#DirectedbyWomen Catalyst Barbara Ann O’Leary touched based with filmmaker Leah Yananton to discuss her film Surviving Me: The 9 Circles of Sophie—inspired by Dante’s Inferno and her own experiences navigating the complexities and challenges of college life. Leah’s currently running a Kickstarter campaign to mobilize resources to support a campus tour designed to stimulate dialogue and encourage empowerment of college women. Read what she has to share, check out her crowdfunding campaign, and reach out to organizations on college campuses to let them know about her upcoming tour.
TRIGGER WARNING – This interview discusses sexual assault.
DBW: You are preparing a college tour for your film Surviving Me: The 9 Circles of Sophie, which you describe as being about “a college student on a journey of self-discovery through her own experience of Dante’s Inferno.” Can you talk a little bit about the film and what inspired you to make it?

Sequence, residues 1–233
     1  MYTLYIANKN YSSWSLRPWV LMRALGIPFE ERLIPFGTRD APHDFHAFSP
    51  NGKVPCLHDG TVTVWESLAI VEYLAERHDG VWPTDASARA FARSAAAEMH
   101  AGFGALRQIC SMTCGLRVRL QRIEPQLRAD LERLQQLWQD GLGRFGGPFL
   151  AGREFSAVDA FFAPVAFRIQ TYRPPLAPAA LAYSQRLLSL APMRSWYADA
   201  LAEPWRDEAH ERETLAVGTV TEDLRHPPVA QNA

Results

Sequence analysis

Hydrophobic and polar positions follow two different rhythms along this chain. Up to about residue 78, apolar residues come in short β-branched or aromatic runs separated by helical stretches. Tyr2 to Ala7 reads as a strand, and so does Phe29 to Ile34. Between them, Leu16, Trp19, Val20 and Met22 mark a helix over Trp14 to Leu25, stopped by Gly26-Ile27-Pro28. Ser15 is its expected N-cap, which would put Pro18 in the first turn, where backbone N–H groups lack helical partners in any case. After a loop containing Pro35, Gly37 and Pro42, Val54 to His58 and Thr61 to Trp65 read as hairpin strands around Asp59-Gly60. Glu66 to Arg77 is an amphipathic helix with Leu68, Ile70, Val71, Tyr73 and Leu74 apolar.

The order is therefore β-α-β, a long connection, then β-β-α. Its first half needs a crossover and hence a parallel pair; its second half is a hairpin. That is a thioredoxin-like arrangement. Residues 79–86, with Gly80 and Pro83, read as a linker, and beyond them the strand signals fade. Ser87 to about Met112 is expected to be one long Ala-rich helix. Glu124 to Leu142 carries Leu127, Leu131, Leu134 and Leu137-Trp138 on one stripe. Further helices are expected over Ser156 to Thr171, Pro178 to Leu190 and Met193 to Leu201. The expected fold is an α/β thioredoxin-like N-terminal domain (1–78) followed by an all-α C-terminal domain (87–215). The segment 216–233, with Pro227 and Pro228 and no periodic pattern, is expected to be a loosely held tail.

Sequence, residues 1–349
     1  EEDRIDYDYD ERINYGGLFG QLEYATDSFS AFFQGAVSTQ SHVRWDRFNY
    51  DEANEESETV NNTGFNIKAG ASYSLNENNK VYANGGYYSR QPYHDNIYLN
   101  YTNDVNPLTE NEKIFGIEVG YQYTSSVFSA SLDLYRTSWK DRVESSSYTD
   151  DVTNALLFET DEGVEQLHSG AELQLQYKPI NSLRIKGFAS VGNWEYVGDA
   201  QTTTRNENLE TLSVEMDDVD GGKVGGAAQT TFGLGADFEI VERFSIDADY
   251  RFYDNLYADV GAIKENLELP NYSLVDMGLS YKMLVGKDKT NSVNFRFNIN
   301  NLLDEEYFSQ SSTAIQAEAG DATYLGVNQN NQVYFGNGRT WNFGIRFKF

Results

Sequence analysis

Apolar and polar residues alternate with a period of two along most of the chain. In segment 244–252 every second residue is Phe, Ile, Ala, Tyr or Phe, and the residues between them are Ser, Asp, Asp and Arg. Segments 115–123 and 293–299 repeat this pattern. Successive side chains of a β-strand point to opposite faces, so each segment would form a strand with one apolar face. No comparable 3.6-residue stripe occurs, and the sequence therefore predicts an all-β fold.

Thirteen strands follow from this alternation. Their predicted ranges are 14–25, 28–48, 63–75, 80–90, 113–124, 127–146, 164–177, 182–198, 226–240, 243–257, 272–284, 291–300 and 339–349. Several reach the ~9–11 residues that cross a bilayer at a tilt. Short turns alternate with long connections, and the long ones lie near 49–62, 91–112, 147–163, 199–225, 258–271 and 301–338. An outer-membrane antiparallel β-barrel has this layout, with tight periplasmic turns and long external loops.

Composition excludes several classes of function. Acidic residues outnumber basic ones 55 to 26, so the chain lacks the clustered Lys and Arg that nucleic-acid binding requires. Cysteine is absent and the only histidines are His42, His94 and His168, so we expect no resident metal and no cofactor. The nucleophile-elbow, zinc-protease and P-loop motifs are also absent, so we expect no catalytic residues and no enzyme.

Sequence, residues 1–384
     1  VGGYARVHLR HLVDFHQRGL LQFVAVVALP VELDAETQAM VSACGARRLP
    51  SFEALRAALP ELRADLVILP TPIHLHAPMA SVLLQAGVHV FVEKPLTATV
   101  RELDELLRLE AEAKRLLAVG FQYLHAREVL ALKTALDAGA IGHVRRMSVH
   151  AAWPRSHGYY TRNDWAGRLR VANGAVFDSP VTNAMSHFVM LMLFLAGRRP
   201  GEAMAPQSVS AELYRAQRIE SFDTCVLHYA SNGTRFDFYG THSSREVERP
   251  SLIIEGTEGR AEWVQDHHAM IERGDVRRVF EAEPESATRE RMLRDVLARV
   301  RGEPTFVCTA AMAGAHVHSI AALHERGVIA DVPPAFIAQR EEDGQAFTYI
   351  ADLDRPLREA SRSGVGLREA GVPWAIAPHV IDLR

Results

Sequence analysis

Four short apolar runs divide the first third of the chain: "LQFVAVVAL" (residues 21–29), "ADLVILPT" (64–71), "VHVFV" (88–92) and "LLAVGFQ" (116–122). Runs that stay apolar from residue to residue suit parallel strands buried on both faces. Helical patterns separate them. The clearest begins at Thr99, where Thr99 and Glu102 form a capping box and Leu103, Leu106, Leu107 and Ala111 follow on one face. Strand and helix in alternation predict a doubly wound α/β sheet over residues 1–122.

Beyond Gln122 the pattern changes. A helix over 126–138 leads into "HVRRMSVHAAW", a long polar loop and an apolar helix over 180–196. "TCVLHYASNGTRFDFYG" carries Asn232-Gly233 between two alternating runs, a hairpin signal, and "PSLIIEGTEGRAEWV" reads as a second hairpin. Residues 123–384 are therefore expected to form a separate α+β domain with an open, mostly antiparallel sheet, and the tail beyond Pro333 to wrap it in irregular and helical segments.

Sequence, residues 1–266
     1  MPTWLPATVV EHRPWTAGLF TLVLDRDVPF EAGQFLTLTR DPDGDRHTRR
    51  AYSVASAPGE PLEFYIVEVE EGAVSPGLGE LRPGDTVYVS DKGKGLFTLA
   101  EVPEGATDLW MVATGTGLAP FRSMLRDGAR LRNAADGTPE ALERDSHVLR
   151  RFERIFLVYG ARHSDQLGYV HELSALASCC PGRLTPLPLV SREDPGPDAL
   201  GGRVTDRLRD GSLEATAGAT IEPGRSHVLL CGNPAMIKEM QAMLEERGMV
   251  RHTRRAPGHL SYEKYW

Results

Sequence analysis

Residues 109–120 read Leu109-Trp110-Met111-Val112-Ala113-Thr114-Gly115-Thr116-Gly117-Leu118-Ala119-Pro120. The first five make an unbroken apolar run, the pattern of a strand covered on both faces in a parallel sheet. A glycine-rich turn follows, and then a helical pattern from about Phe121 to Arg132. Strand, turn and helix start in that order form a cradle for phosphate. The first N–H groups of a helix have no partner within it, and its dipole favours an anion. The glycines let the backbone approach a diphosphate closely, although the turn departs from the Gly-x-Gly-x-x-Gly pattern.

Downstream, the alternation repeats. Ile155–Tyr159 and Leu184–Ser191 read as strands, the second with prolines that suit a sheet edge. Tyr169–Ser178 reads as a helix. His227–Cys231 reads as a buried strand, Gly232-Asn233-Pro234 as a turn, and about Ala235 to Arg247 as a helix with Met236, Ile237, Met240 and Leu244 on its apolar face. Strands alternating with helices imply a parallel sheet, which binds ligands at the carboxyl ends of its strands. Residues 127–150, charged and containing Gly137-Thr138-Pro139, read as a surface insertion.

LY: Yes, gladly. SURVIVING ME is a female-driven story about confronting and overcoming ego, through the relationships of some flawed characters— three college students, a professor, and his wife— while the lead character Sophie faces confusing issues that I as a 20-something college student found myself facing, and from which I gleaned much wisdom. Sophie is a poet who seeks to find herself, but a series of crises happen (for example, she is estranged from her parents and a financial aid debacle ensues) which cause her to spin out of control. She doesn’t yet know how to live, yet she is confronted with the full brunt of having to manage her entire world on her own and she is terrified. SURVIVING ME opens with this quote from Betty Friedan as she wrote in The Feminine Mystique: “What if the terror a girl faces when at twenty-one, when she must decide who she will be, is simply the terror of growing up — growing up, as women were not permitted to grow before?”